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Answering the Right Questions, Part 3

February 9, 2018 0 Comments RSS Feed

In this short series, Kevin Schroeder explains how to keep your website on the rails with proper load testing.


Once more into the breach! For my final entry, I will provide some of my favorite tools for building load tests, as well as how to run load tests to best understand site behaviour under various types of loads.


If you’re new to this series, welcome! Go here for Part 1 and here for Part 2.

Building Tips

A full treatise on how to build a good load test is likely beyond the scope of a blog, but here’s my box of pro-tips:


  • I wholly recommend JMeter for testing.
  • When building tests, try to hand code as little as possible.
    • For example, JMeter has a browser proxy you can use to capture a session; capture a few sessions with slight variations.
    • Hand-coding tests typically results in more predictable test runs –  you don’t want predictability; you want entropy.
  • Use Xpaths or CSS selectors to extract content from the page.
    • Cover as many pages as possible to defeat the many optimizations found in today’s CPUs, memory, and file systems. Put those pages through their paces!

Whatever you do, try to build tests that don’t just hit the same thing over and over again. Your job is to simulate unpredictable, messy human interactions with entropy.


How long should you run your load test for? Some may say for a few hours if you want to get good numbers, but it depends on your setup.


A better answer is “long enough to give each part of the infrastructure time to affect the test. If you have an hourly CPU-intensive task, make sure the test runs at the same time. If you do a cache-clear every 10 minutes, your test should run during that window.

Running Load Tests

When running a load test, I use a fairly stock implementation of JMeter, but also use a library that pushes individual request meta-data into a Mongo database for analysis. Mongo’s aggregation functionality extracts analytic data like a champ and presents all of it in convenient graphs. And while JMeter allows you to log most of the same information to a file, having it in a structured queryable format is useful.


For the front end servers, I simply use vmstat with a 1-second delay piped to a text file. For most load tests, the critical things to watch are the user, system, idle, iowait, and stolen times, as well as the CPU run queue. I push that data into the MongoDB database, which then graphs the results. In the past and as an alternative to MongoDB, I’ve instead used awk to extract the data and Excel’s graphing capabilities to visualize the results.


For databases, I still use vmstat, but rely more on database counters. On MySQL, these are retrievable using SHOW GLOBAL STATUS. I use a script that polls the database once per second, then pushes that data to my reporting database. I usually graph the CRUD operations, query-cache usage, threads running, connection count, and row operations. If there’s a problem with database performance, one of those graphs will light up.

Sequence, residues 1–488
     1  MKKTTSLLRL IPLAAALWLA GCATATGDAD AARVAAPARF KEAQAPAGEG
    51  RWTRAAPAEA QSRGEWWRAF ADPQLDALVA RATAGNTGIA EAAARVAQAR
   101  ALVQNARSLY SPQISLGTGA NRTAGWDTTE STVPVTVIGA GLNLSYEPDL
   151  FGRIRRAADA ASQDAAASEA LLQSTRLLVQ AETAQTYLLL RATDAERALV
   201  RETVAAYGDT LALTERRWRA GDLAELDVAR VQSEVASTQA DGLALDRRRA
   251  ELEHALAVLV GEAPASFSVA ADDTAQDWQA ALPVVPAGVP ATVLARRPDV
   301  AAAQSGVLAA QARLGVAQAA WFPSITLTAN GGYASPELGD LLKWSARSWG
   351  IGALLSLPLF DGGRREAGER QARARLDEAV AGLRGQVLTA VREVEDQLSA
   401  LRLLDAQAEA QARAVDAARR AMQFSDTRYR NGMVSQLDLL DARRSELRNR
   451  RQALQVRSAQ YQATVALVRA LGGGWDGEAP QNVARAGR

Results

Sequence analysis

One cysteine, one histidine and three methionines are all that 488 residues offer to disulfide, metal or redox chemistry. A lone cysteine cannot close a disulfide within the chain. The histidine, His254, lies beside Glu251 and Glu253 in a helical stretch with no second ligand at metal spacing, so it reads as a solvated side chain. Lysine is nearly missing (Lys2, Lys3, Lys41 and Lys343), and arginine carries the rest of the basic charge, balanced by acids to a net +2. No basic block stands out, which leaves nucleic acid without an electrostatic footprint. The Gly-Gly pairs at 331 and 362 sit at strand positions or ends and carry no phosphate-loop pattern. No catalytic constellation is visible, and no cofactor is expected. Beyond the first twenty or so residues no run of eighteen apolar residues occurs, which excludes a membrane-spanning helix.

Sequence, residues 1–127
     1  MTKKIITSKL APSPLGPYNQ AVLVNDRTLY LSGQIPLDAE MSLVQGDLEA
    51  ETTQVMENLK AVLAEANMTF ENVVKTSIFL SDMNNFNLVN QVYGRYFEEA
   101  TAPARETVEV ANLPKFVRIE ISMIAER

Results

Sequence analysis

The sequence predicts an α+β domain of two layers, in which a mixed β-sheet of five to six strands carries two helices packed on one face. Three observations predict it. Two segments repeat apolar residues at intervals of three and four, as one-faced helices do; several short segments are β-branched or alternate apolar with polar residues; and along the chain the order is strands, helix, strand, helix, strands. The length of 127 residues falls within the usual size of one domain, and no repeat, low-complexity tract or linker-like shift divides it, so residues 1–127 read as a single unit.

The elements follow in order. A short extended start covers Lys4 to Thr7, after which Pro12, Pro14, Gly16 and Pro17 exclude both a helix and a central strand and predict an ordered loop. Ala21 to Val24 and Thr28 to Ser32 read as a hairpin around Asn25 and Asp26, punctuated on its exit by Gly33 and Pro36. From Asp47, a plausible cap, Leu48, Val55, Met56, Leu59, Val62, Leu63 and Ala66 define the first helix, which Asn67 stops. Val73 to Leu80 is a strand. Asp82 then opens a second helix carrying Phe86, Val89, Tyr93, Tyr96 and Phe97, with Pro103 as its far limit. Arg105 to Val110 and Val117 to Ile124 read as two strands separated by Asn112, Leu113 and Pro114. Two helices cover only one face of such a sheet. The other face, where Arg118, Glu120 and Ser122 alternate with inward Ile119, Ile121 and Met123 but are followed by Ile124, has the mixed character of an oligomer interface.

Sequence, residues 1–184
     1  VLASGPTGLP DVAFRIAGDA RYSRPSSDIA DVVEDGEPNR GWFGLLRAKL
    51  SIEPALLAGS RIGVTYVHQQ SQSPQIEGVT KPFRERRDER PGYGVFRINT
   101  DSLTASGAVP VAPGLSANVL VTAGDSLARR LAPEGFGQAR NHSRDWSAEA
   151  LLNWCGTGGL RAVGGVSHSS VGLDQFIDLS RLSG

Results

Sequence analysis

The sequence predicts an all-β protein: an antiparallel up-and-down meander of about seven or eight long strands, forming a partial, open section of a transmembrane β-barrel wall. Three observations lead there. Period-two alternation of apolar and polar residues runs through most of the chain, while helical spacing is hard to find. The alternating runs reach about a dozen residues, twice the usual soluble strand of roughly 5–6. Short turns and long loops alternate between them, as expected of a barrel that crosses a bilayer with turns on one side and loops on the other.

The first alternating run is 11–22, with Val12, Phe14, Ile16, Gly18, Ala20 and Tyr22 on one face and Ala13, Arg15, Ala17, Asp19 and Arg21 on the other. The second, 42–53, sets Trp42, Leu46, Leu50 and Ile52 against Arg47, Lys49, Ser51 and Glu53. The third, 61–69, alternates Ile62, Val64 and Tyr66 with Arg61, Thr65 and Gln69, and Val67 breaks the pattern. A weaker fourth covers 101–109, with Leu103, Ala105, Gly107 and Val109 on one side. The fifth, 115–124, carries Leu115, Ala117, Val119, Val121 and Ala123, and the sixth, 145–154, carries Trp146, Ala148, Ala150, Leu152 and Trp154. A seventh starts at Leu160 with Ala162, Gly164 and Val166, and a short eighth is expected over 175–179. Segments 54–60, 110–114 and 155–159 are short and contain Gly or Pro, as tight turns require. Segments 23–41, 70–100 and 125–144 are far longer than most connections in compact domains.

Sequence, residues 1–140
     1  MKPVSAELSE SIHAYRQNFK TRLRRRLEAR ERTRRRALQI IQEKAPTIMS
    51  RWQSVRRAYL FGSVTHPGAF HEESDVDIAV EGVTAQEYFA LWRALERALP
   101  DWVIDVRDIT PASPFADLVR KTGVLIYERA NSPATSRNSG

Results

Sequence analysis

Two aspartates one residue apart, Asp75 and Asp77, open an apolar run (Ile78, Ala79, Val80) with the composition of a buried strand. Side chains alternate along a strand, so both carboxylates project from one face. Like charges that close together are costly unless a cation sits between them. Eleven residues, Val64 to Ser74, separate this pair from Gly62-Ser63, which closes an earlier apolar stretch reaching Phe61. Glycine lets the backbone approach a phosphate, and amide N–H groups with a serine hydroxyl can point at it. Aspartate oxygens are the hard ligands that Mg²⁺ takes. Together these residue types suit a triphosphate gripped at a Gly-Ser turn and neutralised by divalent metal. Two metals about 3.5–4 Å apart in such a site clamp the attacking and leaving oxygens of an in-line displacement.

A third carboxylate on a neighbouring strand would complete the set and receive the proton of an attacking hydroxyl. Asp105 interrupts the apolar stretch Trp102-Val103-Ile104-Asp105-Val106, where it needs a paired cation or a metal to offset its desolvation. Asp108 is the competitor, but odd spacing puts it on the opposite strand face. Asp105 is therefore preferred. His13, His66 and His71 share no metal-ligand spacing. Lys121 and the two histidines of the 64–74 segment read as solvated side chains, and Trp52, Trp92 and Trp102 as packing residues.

If the graphs behave, then you’re simply testing raw throughput. In that case, it’s more important to build your concurrency level to create sufficient granularity in your data points and help you diagnose the problem. If the site is supposed to handle 200 concurrent threads, don’t configure your test to reach that level in 5 seconds. Though the computer’s doing the work, it needs a human to extract meaning.


Structure tests in a way that helps extract the best meaning from the data. Watch the 95th to 99th percentile, and take a look even if the site is performing reasonably well. When Black Friday or Cyber Monday arrives, it will be the requests in the 99th percentile that break the site.


Simple math provides an explanation. There is only so much work a CPU can do. For example, your CPU can tops out at 250,000 MIPS. Your 99th percentile request requires 50,000 MIPS. During your normal day, the 99th percentile consumes 20% of your CPU time. However, on Cyber Monday, when your traffic is fivefold, that 99th percentile will consume 100% of your CPU.


But at the end of the day, it’s a judgment call. Will decreasing your average response time provide a better result than the 99th percentile? Maybe. You’ll have to look at the numbers. But know that when it comes to unpredictability, the 99th percentile usually shows what is happening at a smaller scale.

Piercing the Veil

A load test can be a wonderful tool, or a pointless waste of time and resources. If you choose the correct type, instill entropy, push the estimated needs, and build and execute tests correctly, then you’ll find actionable results.


Thanks for reading! If you enjoyed this series, please feel free to comment below or let me know on Twitter. May all your tests ask and answer the right questions!


Kevin Schroeder is the owner of 10n Software, LLC., an independent consulting firm. He wrote the Magium Selenium testing library at He has worked for the Magento Expert Consulting Group, MagentoU as well as Zend Technologies as a consultant and Technical Evangelist. In his sparse free time, he practices guitar and reads books that have nothing to do with software development.

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